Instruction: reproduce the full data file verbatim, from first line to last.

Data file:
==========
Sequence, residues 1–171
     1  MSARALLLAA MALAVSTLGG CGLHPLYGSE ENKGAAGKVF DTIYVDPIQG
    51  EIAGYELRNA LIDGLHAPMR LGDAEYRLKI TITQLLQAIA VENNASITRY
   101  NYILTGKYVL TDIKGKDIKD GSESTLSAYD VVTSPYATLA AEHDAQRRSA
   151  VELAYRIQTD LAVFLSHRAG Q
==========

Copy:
Sequence, residues 1–171
     1  MSARALLLAA MALAVSTLGG CGLHPLYGSE ENKGAAGKVF DTIYVDPIQG
    51  EIAGYELRNA LIDGLHAPMR LGDAEYRLKI TITQLLQAIA VENNASITRY
   101  NYILTGKYVL TDIKGKDIKD GSESTLSAYD VVTSPYATLA AEHDAQRRSA
   151  VELAYRIQTD LAVFLSHRAG Q